Events celebrate Nabokov as butterfly scientist

Jose Beduya and Kathy Hovis, Cornell University Library, College of Arts and Sciences

In first printings of his books, Vladimir Nabokov often inscribed dedications to his wife, Vera, and made drawings of butterflies. For the dedication page of Look at the Harlequins, he drew an imaginary species of butterfly, Arlequinus arlequinus. From the Division of Rare and Manuscripts Collection.
In first printings of his books, Vladimir Nabokov often inscribed dedications to his wife, Vera, and made drawings of butterflies. For the dedication page of Look at the Harlequins, he drew an imaginary species of butterfly, Arlequinus arlequinus. From the Division of Rare and Manuscripts Collection.

A giant of 20th century literature known for such novels as Lolita and Pale Fire, Russian émigré and former Cornell professor Vladimir Nabokov was also a prodigious lepidopterist who collected and studied butterflies since the age of five.

“It is not improbable that had there been no revolution in Russia, I would have devoted myself entirely to lepidopterology and never written any novels at all,” he said in an interview for the Paris Review in 1967.

On March 14 and 15, a series of free public events at Mann Library will celebrate Nabokov’s lesser-known but impactful contributions to the science of collecting, classifying and understanding the prismatic world of butterflies.

March 14: Talk and Exhibit Opening Reception

When Nabokov published his papers in the 1940s about the evolution and migration of a group of butterfly species known as Polyommatus blues, he was met with skepticism by the scientific community. But, more than six decades later, his theories were confirmed by a study done by a group of butterfly experts using DNA sequencing techniques.

On March 14, 4-5 p.m., in room 160 of Mann Library, the leader of that study, Naomi Pierce, will deliver a lecture titled “The Evolution of Nabokov’s Polyommatus Blues.” A biology professor at Harvard University and the lepidoptera curator in its Museum of Comparative Zoology – a position Nabokov held in the 1940s – Pierce will discuss her research in connection with the writer’s trailblazing work.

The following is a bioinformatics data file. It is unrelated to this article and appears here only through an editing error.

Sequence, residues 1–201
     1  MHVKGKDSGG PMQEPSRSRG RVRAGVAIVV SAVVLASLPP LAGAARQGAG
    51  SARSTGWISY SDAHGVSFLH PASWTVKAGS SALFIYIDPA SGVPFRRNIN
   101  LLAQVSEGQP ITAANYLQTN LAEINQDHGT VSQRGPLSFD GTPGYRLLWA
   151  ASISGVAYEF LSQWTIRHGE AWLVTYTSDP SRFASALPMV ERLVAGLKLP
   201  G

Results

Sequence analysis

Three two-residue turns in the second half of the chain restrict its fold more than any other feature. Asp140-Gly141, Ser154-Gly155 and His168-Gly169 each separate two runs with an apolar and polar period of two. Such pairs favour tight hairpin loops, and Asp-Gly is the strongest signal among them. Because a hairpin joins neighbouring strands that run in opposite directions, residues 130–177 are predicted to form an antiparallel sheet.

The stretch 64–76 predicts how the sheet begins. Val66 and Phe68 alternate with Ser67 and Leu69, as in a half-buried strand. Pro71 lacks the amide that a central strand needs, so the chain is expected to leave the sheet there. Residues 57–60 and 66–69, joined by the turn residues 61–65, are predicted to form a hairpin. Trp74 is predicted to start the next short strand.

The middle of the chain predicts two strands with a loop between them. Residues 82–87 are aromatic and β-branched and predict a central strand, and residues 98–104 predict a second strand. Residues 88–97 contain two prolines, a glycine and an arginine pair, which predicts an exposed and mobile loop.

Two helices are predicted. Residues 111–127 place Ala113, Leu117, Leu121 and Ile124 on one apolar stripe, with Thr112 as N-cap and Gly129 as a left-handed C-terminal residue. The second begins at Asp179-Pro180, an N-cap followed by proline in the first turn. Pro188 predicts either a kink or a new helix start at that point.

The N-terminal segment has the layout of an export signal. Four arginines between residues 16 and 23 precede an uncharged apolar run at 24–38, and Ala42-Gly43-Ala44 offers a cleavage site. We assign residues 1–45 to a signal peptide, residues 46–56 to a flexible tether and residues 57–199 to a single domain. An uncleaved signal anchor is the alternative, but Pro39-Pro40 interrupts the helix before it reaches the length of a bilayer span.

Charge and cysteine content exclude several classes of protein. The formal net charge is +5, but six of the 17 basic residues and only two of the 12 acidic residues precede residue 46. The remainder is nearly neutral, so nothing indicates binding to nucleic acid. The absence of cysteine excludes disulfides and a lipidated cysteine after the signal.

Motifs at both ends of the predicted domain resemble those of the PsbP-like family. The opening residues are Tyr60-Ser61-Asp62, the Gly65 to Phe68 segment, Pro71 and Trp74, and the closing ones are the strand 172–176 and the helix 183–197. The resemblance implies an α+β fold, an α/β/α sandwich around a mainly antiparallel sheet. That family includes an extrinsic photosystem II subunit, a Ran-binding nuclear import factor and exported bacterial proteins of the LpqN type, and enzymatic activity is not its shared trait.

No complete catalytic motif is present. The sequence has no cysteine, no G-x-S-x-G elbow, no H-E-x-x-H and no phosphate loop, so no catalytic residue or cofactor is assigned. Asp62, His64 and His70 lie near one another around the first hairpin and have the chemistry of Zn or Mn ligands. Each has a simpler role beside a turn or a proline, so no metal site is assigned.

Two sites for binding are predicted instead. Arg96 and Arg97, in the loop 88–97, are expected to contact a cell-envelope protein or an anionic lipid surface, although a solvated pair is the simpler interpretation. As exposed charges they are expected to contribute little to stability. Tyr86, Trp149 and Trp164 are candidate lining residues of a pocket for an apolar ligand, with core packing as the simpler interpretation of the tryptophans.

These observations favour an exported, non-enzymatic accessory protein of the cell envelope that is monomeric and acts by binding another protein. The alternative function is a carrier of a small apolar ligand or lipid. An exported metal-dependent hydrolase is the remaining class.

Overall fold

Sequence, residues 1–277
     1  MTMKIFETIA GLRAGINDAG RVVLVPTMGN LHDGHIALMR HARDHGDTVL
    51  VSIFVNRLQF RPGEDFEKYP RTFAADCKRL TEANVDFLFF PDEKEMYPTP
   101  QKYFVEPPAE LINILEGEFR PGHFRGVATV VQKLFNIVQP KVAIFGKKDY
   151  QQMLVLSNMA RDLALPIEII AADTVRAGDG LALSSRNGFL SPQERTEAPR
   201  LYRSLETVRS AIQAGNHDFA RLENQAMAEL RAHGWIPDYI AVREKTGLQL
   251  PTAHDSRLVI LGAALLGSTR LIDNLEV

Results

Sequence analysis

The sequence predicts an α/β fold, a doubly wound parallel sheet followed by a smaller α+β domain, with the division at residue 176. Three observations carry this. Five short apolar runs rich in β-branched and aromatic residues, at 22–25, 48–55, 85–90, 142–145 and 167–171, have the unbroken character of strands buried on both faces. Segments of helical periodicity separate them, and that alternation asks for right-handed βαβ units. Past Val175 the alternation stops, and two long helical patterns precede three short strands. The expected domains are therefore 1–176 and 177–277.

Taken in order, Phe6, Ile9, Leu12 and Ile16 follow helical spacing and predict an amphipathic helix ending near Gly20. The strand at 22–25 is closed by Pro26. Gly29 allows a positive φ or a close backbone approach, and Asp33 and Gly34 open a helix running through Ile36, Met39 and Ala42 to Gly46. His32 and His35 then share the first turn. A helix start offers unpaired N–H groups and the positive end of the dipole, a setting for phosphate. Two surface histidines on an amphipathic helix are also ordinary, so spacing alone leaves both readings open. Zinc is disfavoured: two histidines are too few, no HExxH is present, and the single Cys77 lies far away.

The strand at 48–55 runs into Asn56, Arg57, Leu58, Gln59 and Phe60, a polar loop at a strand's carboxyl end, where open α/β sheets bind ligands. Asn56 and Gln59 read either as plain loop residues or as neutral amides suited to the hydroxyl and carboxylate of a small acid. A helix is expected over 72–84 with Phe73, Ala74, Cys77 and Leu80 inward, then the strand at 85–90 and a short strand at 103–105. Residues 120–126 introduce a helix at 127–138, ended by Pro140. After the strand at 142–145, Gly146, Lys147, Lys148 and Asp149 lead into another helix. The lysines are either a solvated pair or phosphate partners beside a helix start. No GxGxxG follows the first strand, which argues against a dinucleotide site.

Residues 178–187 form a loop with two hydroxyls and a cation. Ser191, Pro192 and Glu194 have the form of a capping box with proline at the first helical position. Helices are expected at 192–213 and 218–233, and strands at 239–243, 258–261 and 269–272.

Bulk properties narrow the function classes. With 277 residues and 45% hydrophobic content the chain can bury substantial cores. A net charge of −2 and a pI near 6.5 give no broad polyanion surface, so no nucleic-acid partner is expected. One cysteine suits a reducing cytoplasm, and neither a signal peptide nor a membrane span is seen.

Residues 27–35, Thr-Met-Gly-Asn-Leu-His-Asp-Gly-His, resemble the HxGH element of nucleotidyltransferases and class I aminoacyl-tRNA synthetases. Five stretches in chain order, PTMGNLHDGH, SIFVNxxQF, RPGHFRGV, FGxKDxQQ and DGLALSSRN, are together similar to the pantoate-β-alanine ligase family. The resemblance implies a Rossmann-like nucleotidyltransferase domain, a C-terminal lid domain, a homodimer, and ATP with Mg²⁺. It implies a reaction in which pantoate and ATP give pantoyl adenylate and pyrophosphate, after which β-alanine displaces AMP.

Picture of Naomi Pierce
Naomi Pierce, the Hessel Professor of Biology and curator of lepidoptera in the Museum of Comparative Zoology at Harvard University.

Through a collaboration between Cornell University Library and the Cornell University Insect Collection, Pierce’s lecture is part of the opening festivities for the exhibit “From Nabokov’s Net” in Mann Library’s main gallery. The exhibit will run through August, concurrent with a related book exhibit in the lobby titled “No Mere Curios: Finding Nabokov’s Lepidopterist Inspiration in the Rare Books of Entomology.”

“From Nabokov’s Net” showcases facsimiles of the writer’s original drawings, letters, photographs and other artifacts pertaining to butterflies that are kept in Cornell University Library’s Rare and Manuscript Collections. The exhibit also features specimens from the Cornell University Insect Collection, including several collected by Nabokov, who taught Russian literature at Cornell from 1948 to 1959.

The Karner blue butterfly – a novel species first described by the writer in 1943 – is featured prominently in the exhibit as a reminder of the importance of conserving natural habitats.

“When Nabokov went out and looked at these butterflies in an area outside of Albany, they were like blue snowflakes – just lots and lots of these beautiful, little blue butterflies all over,” said Jenny Leijonhufvud, Mann Library exhibit curator and outreach space coordinator, who co-curated the exhibit. “But then very quickly, in the decades after that, primarily due to habitat loss, they suddenly went from being very plentiful to being an endangered species.”